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Volvo reveals hi-tech bicycle helmet that warns cars

There may finally be a solution to keeping cyclists and cars safe while sharing the road, using a hi-tech helmet and an internet 'cloud'.

Volvo has invented a hi-tech bicycle helmet that aims to keep cars a safe distance away from cyclists while sharing the road.

The Swedish car maker has unveiled a helmet that uses Bluetooth technology to 'talk' to your phone, which in turns sends the cyclist's exact location and speed to an internet cloud.

That information can then be shared with cars using the same cloud-based data – and the system can even be reversed, so that cyclists can be warned about nearby cars.

The hi-tech helmet was unveiled at the Geneva motor show overnight and was a joint venture between Volvo, helmet maker Poc and technology company Ericsson.

The helmet that beams information to outer space is still many years away from becoming a reality, but Volvo technology expert Fredrik Marthinsson says the company is "exploring every available option".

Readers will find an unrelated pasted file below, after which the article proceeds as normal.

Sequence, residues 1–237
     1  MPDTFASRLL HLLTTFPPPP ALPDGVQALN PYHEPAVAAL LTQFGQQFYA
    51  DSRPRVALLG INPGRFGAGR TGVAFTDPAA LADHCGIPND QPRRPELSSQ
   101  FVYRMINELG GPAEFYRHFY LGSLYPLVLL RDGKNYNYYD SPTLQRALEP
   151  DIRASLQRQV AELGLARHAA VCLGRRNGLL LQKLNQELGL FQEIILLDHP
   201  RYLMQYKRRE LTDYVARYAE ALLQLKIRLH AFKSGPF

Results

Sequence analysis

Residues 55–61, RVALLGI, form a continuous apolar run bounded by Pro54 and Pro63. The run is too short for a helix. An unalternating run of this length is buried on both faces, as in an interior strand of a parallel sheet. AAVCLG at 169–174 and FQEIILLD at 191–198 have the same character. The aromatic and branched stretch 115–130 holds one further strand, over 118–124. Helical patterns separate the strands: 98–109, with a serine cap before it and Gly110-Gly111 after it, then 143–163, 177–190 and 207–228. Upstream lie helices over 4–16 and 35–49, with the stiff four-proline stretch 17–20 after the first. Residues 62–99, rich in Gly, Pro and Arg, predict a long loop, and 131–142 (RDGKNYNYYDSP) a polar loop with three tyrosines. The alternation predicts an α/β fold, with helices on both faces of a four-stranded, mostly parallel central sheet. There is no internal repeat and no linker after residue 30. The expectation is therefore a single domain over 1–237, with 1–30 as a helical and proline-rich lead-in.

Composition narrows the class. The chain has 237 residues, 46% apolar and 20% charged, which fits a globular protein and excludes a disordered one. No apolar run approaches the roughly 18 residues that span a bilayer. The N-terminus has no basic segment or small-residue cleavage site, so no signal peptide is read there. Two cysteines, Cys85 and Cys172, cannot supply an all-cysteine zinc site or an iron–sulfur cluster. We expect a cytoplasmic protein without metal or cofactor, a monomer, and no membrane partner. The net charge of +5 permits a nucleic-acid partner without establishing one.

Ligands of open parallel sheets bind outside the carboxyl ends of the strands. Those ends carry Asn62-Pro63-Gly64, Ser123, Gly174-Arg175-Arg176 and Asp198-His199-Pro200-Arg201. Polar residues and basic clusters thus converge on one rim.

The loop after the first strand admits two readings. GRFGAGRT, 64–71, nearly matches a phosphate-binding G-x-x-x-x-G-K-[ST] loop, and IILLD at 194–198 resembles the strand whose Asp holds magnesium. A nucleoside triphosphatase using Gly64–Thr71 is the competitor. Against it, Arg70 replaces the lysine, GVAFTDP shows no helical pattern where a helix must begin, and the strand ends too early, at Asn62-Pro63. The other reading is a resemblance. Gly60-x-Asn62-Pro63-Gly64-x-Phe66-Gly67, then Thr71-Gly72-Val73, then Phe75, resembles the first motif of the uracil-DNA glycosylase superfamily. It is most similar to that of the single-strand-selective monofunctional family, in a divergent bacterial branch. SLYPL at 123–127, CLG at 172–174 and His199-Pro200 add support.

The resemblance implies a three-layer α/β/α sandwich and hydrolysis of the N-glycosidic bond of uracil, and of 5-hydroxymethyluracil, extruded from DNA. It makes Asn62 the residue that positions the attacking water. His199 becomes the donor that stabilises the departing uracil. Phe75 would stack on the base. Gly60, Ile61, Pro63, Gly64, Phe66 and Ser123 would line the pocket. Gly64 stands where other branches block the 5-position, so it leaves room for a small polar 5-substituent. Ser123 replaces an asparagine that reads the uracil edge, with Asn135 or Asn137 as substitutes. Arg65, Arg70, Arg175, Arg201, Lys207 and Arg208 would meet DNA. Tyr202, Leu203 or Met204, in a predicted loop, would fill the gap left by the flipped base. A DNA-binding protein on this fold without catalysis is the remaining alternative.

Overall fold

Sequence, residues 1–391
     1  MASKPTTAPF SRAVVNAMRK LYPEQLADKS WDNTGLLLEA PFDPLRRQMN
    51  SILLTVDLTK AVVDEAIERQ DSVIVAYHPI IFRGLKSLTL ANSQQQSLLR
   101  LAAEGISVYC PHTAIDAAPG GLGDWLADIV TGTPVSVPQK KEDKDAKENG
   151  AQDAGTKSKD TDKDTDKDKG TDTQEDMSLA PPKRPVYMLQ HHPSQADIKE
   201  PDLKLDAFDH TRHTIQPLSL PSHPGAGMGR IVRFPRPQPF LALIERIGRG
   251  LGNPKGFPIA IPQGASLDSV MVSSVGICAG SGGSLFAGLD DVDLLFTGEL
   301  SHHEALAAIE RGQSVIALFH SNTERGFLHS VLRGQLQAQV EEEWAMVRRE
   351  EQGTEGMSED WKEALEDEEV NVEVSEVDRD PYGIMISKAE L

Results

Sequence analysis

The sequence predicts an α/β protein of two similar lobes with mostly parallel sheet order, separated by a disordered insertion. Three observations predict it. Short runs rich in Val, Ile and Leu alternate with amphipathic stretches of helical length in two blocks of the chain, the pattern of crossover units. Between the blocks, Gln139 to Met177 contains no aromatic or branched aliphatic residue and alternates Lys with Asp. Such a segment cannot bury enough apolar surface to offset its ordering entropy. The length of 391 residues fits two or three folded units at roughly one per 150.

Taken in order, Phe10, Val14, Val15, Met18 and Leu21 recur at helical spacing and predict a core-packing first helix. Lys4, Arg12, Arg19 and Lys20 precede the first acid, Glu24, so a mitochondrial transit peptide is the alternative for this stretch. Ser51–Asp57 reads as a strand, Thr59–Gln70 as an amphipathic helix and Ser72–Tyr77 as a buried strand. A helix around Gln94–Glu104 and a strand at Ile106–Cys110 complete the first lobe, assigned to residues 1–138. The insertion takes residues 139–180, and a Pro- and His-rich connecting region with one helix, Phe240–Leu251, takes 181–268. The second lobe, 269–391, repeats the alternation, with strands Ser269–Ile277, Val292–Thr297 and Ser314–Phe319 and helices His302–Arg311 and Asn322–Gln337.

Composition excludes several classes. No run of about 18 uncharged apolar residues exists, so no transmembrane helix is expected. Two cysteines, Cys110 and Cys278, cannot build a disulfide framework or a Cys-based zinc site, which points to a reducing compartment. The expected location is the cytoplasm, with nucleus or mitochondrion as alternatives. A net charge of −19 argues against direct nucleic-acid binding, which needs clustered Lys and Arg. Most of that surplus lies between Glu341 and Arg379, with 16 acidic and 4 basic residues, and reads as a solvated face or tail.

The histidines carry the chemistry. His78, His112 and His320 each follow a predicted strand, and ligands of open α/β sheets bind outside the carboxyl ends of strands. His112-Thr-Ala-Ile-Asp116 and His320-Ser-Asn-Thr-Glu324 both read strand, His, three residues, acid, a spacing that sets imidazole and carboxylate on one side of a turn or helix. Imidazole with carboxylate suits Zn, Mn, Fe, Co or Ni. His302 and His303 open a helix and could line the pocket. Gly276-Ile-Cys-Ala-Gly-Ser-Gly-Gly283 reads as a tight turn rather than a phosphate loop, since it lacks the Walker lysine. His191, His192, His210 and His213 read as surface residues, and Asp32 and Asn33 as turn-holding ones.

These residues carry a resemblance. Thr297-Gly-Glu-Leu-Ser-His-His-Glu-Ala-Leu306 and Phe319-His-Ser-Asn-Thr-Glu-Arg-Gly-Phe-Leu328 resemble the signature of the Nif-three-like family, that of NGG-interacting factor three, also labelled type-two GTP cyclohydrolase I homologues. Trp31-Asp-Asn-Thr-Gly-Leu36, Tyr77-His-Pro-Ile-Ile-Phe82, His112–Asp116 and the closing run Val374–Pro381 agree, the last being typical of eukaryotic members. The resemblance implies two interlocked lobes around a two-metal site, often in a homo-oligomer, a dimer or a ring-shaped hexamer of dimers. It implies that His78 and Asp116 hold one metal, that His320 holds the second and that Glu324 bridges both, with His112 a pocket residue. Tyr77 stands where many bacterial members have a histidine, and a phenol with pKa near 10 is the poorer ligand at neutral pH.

"We know we have, in theory, the technology to do this right now," said Mr Marthinsson.

"But it's dependent on so many things. First we need the technology in the helmet and then for cars to share the same information network over an internet cloud."

Almost 100 cyclists have been killed on Australian roads over the past two years

He said it is Volvo's "vision" to have such a solution to cyclist safety in the near future.

Almost 100 cyclists have been killed on Australian roads over the past two years, compared to 67 cyclist fatalities in the two years prior, figures from the Federal Government show.

The hi-tech helmet is an extension of the "car to car" and "car to infrastructure" technology unveiled by Volvo earlier this year.

In the meantime, Volvo has recently upgraded its "City Safety" laser and radar system which can now detect pedestrians and cyclists, as well as cars.

The technology was originally introduced in 2009 to stop rear-end crashes in slow-moving traffic but has since been modified to detect other road users.